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The inetd Super-Server

         

Frequently, services are performed by so-called daemons. A daemon is a program that opens a certain port, and waits for incoming connections. If one occurs, it creates a child process which accepts the connection, while the parent continues to listen for further requests. This concept has the drawback that for every service offered, a daemon has to run that listens on the port for a connection to occur, which generally means a waste of system resources like swap space.

Thus, almost all installations run a ``super-server'' that creates sockets for a number of services, and listens on all of them simultaneously using the select(2) system call. When a remote host requests one of the services, the super-server notices this and spawns the server specified for this port.

      The super-server commonly used is inetd, the Internet Daemon. It is started at system boot time, and takes the list of services it is to manage from a startup file named /etc/inetd.conf. In addition to those servers invoked, there are a number of trivial services which are performed by inetd itself called internal services. They include chargen which simply generates a string of characters, and daytime which returns the system's idea of the time of day.

An entry in this file consists of a single line made up of the following fields:

The meaning of each field is as follows:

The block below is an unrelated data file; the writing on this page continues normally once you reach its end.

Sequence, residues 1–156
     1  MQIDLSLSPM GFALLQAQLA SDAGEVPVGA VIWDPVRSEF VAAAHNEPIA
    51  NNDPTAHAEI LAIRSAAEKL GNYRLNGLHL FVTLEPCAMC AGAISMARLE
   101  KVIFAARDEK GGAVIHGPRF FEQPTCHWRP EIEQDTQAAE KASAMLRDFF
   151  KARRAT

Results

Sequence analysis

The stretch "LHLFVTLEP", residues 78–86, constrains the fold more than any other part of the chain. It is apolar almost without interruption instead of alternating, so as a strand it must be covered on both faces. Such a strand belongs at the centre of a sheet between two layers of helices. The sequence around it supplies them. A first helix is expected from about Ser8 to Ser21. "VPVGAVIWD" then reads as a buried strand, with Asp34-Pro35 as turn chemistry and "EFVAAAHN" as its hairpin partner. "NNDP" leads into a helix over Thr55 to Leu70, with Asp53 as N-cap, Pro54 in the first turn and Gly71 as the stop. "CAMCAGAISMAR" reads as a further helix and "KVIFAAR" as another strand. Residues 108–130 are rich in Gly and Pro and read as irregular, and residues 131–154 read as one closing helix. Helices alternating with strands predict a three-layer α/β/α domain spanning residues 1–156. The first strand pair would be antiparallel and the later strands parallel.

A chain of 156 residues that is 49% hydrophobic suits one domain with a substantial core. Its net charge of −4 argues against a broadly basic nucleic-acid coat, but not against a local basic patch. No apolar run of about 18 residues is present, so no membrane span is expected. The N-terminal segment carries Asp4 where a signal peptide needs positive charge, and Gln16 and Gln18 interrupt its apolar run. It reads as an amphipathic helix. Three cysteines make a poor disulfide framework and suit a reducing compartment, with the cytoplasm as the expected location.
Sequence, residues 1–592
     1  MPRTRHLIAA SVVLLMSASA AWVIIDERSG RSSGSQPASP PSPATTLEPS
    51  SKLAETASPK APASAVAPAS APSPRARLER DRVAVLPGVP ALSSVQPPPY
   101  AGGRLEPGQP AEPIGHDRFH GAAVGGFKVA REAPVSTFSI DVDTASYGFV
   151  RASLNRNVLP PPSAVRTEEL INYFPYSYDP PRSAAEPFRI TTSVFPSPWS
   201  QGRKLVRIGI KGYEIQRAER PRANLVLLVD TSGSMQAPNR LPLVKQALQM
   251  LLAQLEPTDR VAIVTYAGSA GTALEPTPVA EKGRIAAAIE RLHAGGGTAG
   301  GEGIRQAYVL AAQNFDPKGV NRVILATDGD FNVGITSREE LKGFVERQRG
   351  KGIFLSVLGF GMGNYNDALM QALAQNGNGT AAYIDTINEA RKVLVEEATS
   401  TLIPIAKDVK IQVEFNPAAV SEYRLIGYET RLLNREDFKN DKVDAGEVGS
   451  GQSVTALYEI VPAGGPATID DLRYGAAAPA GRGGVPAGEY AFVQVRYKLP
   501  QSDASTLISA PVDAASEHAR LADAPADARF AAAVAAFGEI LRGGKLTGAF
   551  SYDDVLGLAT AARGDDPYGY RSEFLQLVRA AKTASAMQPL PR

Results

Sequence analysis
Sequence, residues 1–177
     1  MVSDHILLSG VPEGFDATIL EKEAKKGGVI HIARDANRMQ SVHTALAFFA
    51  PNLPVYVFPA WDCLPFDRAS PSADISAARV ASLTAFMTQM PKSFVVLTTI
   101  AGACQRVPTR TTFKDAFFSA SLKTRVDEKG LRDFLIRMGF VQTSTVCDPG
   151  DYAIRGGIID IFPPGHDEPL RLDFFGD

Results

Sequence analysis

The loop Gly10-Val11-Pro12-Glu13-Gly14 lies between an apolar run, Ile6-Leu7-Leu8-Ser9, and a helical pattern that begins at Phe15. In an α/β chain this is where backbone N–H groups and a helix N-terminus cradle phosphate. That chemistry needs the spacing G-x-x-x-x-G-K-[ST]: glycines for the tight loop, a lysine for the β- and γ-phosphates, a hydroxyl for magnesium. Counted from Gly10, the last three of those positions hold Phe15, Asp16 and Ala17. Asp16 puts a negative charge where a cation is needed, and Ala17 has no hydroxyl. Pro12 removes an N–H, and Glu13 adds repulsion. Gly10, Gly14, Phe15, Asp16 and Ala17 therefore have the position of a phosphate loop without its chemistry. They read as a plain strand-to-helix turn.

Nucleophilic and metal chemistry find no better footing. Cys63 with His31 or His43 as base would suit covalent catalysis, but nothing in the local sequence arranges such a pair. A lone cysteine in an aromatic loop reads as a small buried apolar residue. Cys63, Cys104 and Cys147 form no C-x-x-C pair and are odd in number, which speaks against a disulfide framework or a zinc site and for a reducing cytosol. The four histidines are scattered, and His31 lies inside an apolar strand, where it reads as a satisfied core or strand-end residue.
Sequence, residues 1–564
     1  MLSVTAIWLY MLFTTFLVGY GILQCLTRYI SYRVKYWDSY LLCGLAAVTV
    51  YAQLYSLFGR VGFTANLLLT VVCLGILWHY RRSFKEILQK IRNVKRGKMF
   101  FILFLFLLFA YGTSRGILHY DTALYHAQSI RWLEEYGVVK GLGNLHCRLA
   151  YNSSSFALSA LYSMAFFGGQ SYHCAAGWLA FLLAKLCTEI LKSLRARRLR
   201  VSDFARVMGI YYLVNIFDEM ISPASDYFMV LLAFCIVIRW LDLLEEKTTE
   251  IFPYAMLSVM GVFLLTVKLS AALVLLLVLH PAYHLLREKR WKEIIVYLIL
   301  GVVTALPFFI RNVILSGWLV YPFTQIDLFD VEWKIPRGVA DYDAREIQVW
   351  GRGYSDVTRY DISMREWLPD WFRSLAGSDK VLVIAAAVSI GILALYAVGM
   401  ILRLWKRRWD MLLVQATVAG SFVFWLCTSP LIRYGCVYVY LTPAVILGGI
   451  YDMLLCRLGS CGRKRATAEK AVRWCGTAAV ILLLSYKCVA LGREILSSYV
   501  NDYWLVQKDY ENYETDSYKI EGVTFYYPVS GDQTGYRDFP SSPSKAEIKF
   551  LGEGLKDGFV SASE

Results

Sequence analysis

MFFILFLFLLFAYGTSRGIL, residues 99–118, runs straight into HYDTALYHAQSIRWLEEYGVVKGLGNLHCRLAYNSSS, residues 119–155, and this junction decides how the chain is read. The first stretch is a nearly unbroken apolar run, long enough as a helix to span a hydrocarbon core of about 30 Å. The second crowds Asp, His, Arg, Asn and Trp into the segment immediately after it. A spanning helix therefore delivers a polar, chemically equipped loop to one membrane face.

Figure:   A sample /etc/inetd.conf file.

    A sample inetd.conf file is shown in figure gif. The finger service commented out, so that it is not available. This is often done for security reasons, because may be used by attackers to obtain names of users on your system.

      The tftp is shown commented out as well. tftp implements the Primitive File Transfer Protocol that allows to transfer any world-readable files from your system without password checking etc. This is especially harmful with the /etc/passwd file, even more so when you don't use shadow password.

TFTP is commonly used by diskless clients and X terminals to download their code from a boot server. If you need to run tftpd for this reason, make sure to limit its scope to those directories clients will retrieve files from by adding those directory names to tftpd's command line. This is shown in the second tftp line in the example.

 


next up previous contents
Next: The tcpd access control Up: Various Network Applications Previous: Various Network Applications

Andrew Anderson
Thu Mar 7 23:22:06 EST 1996